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The dangers of bombé
“This drug is very dangerous,” the leader of the Congolese addiction programme Patrice Kapia was quoted as saying in Der Spiegel. “It causes heart and lung problems, and on the long term, cancer.”
There have also been reports of deaths after bombé consumption. Kapia says that the ingredients from the catalytic converters could be especially poisonous.
In August police rounded up and paraded nearly 100 alleged dealers and users of the drug bombe, which means “powerful” in the local Lingala language, following a call to action by Democratic Republic of Congo President Felix Tshisekedi. “This social phenomenon calls for collective responsibility by the whole nation,” Tshisekedi told ministers at a weekly meeting.
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In an abandoned shack in a suburb of Kinshasa, a young man seeking oblivion slits open a bag of brown powder, blending it with a couple of crushed pills using the back of a spoon, before snorting the “bombe” mixture, with his friends. Within minutes the trio are swaying slowly, scratching themselves in a catatonic state that experts in Congo say can cause users to stand motionless for hours, or sleep for days.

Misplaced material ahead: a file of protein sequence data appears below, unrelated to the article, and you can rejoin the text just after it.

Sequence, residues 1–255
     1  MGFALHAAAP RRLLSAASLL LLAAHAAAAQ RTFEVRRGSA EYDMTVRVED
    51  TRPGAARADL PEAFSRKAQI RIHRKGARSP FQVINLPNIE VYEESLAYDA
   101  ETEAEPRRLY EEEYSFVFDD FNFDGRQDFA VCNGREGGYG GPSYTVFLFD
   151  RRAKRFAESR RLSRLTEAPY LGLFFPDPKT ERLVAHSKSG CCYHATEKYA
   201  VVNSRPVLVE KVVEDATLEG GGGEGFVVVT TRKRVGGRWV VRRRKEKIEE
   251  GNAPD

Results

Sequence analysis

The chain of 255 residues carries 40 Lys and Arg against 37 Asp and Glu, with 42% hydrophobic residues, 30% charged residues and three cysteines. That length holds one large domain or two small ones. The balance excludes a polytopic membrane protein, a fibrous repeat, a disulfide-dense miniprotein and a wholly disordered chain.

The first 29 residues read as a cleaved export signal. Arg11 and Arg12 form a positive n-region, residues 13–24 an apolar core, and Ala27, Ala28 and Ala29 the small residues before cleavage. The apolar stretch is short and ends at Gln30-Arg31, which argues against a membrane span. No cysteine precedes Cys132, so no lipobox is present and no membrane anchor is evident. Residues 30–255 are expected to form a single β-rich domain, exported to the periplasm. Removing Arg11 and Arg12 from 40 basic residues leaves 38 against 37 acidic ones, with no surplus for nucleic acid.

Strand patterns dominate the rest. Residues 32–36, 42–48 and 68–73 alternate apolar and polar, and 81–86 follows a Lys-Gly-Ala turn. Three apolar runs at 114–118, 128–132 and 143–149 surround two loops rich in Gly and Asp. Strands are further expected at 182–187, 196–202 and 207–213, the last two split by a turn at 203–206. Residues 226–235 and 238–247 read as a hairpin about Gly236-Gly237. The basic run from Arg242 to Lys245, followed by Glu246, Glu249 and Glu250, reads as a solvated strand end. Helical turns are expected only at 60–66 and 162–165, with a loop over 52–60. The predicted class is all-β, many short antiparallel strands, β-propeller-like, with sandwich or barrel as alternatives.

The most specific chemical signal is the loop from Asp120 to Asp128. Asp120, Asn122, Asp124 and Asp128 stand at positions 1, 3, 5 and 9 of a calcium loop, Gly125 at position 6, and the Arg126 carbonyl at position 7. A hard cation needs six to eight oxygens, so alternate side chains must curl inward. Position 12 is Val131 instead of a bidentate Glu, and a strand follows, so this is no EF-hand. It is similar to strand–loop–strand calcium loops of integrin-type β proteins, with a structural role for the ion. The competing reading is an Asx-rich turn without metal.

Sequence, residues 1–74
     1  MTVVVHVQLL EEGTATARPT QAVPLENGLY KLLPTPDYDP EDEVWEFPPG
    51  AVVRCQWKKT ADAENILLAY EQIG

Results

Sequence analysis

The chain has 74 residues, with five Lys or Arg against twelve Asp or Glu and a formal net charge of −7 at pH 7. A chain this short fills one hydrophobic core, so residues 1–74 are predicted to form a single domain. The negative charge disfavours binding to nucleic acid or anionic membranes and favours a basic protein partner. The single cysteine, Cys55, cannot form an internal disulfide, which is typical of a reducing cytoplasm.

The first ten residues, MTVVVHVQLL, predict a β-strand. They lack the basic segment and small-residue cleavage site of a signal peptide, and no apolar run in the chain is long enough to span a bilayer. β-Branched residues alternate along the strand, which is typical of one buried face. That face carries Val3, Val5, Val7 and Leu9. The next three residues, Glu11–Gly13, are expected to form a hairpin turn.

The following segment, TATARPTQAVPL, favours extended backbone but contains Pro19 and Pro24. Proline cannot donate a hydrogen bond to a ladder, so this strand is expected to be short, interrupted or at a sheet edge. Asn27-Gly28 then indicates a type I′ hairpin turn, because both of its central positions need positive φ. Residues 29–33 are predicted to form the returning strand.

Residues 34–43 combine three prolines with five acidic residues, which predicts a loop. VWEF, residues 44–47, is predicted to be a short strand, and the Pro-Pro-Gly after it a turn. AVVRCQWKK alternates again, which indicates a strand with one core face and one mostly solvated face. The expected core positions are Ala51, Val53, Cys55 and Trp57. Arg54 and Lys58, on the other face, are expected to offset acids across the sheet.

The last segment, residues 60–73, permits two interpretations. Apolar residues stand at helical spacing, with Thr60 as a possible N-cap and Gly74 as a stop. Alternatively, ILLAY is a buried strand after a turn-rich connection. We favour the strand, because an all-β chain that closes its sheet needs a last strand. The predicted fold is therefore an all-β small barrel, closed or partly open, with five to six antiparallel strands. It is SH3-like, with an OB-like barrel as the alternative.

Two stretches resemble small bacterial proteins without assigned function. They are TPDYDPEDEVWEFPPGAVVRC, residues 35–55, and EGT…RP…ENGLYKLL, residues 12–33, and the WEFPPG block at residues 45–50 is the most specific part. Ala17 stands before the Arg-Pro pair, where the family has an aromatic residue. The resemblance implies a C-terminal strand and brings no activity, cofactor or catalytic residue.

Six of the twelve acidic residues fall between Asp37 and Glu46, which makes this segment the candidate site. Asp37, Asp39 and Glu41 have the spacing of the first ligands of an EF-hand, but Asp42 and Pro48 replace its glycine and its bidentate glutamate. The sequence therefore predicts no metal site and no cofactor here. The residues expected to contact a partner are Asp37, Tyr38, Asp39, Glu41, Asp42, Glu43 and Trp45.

The effects of driving while on drugs
Spoiler alert: drugged driving is just as much of a crime as drunk driving. Driving while impaired leads to poor judgment and expensive accidents that’ll be on your permanent record. So whether recreational marijuana is legal in your state or not, stay off the road.
And keep your catalytic converter strapped to your car. In fact, you should take precautions to protect catalytic converters, especially considering there’s a bit of a car part shortage. Replacing it would likely cost more than any thief would be able to sell it for. In short, just be safe, and say no to drugs.